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CIS 540 Principles of Embedded Computation Spring 2015 Instructor: Rajeev Alur

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1 CIS 540 Principles of Embedded Computation Spring Instructor: Rajeev Alur

2 Asynchronous Execution What can happen in a single step of this asynchronous model P?  P1 synchronizes with the environment to accept input on in  P2 synchronizes with the environment to send output on out  P1 performs some internal computation (one of its internal tasks)  P2 performs some internal computation (one of its internal tasks)  P1 produces output on channel x, followed by its consumption by P2  P2 produces output on channel y, followed by its consumption by P1 in x P1 out P2 y P CIS 540 Spring 2015; Lecture Feb 23

3 Shared Memory Programs AtomicReg nat x := 0 Process P1 nat y1:=0 y1 := x x := y1 +1 Process P2 nat y2:=0 y2 := x x := y2 +1 Declaration of shared variables + Code for each process Key restriction: Each statement of a process either changes local variables, reads a single shared var, or writes a single shared var Execution model: execute one step of one of the processes Can be formalized as asynchronous processes CIS 540 Spring 2015; Lecture Feb 23

4 Shared Memory Processes  Processes P1 and P2 communicate by reading/writing shared variables  Each shared variable can be modeled as an asynchronous process  State of each such process is the value of corresponding variable  In implementation, shared memory can be a separate subsystem  Read and write channel between each process and each shared variable  To write x, P1 synchronizes with x on “x.write1” channel  To read y, P2 synchronizes with y on “y.read2” channel x.write1 P1 xy P2 y.write1 y.read2 y.write2 x.read2 x.write2 y.read1 x.read1 CIS 540 Spring 2015; Lecture Feb 23

5 Atomic Registers  By definition of our asynchronous model, each step of above is either internal to P1 or P2, or involves exactly one synchronization: either read or write of one shared variable by one of the processes  Atomic register: Basic primitives are read and write  To “increment” such a register, a process first needs to read and then write back incremented value  But these two are separate steps, and register value can be changed in between by another process x.write1 P1 xy P2 y.write1 y.read2 y.write2 x.read2 x.write2 y.read1 x.read1 CIS 540 Spring 2015; Lecture Feb 23

6 Shared Memory Programs AtomicReg nat x := 0 Process P1 nat y1:=0 y1 := x x := y1 +1 Process P2 nat y2:=0 y2 := x x := y2 +1 Declaration of shared variables + Code for each process Key restriction: Each statement of a process either changes local variables, reads a single shared var, or writes a single shared var Execution model: execute one step of one of the processes Can be formalized as asynchronous processes CIS 540 Spring 2015; Lecture Feb 23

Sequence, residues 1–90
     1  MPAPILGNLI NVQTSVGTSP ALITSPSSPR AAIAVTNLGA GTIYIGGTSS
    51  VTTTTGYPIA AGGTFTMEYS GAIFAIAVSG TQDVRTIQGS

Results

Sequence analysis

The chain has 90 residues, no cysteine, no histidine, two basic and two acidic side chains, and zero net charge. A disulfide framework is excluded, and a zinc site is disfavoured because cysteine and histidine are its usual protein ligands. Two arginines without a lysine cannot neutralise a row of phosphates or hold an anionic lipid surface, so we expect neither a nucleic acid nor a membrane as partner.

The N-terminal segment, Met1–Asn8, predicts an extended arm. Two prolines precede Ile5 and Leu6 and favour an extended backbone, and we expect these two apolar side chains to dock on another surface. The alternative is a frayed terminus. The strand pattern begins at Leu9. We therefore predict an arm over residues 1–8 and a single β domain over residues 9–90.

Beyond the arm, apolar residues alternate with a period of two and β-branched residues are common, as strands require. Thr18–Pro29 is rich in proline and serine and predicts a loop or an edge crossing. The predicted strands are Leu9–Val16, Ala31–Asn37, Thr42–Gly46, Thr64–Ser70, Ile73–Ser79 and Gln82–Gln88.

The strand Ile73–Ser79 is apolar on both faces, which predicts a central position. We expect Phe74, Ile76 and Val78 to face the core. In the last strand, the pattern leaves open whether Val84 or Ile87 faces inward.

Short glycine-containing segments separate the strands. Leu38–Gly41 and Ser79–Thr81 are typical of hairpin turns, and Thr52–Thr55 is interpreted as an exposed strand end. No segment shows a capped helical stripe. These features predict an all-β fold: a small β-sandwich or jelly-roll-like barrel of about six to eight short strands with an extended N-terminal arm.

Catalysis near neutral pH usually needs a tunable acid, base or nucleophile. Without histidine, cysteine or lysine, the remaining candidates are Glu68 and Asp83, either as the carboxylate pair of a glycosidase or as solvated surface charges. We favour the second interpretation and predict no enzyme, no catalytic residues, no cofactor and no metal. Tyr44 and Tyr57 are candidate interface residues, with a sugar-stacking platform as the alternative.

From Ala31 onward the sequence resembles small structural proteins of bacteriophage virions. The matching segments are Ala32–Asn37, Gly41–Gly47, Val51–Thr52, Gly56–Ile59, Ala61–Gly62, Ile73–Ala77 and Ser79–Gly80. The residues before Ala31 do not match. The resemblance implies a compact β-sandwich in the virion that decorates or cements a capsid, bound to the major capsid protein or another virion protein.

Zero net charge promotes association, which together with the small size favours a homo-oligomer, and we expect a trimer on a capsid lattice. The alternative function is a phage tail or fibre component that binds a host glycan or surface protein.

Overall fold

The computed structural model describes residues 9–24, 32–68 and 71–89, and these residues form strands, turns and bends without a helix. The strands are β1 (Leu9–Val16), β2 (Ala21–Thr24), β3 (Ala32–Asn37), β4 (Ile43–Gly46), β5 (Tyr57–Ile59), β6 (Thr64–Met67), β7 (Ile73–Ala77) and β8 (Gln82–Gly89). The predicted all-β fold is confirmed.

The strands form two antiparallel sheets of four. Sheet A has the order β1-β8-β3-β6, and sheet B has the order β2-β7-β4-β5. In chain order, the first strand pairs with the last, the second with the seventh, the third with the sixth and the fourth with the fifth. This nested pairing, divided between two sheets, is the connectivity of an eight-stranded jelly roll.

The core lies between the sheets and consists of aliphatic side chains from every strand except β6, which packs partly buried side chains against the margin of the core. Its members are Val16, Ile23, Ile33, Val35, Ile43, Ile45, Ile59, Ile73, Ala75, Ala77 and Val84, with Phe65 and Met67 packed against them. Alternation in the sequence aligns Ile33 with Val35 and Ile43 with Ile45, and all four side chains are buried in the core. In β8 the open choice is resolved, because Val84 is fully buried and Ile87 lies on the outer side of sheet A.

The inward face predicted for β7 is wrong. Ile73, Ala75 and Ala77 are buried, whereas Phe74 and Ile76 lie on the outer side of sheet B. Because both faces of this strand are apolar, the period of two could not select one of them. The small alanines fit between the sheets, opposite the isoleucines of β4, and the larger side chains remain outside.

7 Data Races AtomicReg nat x := 0 Process P1 nat y1:=0 R1: y1 := x W1: x := y1 +1 Process P2 nat y2:=0 R2: y2 := x W2: x := y2 +1 What are the possible values of x after all steps are executed? x can be 1 or 2 Possible executions: R1, R2, W1, W2 R1, W1, R2, W2 R1, R2, W2, W1 R2, R1, W1, W2, R2, W2, R1, W1 R2, R1, W2, W1 Data race: Concurrent accesses to shared object where the result depends on order of execution, Should be avoided!! CIS 540 Spring 2015; Lecture Feb 23

8 Puzzle AtomicReg nat x := 1 What possible values can the shared register x take? Process P1 nat u1,v1 u1 := x v1 := x x := u1 + v1 Process P2 nat u2,v2 u2 := x v2 := x x := u2 + v2 CIS 540 Spring 2015; Lecture Feb 23

9 Mutual Exclusion Problem  Critical Section: Part of code that an asynchronous process should execute without interference from others  Critical section can include code to update shared objects/database  Mutual Exclusion Problem: Design code to be executed before entering critical section by each process  Coordination using shared atomic registers  No assumption about how long a process stays in critical section  A process may want to enter critical section repeatedly Process P1 Entry Code Critical Section To be designed Process P2 Entry Code Critical Section CIS 540 Spring 2015; Lecture Feb 23

10 Mutual Exclusion Problem  Safety Requirement: Both processes should not be in critical section simultaneously (can be formalized using invariants)  Absence of deadlocks: If a process is trying to enter, then some process should be able to enter Process P1 Entry Code Critical Section To be designed Process P2 Entry Code Critical Section CIS 540 Spring 2015; Lecture Feb 23

11 Mutual Exclusion: First Attempt AtomicReg bool flag1 := 0; flag2 := 0 Process P1 Idle flag1 := 1 Try flag2=0 ? Crit else flag1 := 0 Process P2 Idle flag2 := 1 Try flag1=0 ? Crit else flag2 := 0 Is this correct? CIS 540 Spring 2015; Lecture Feb 23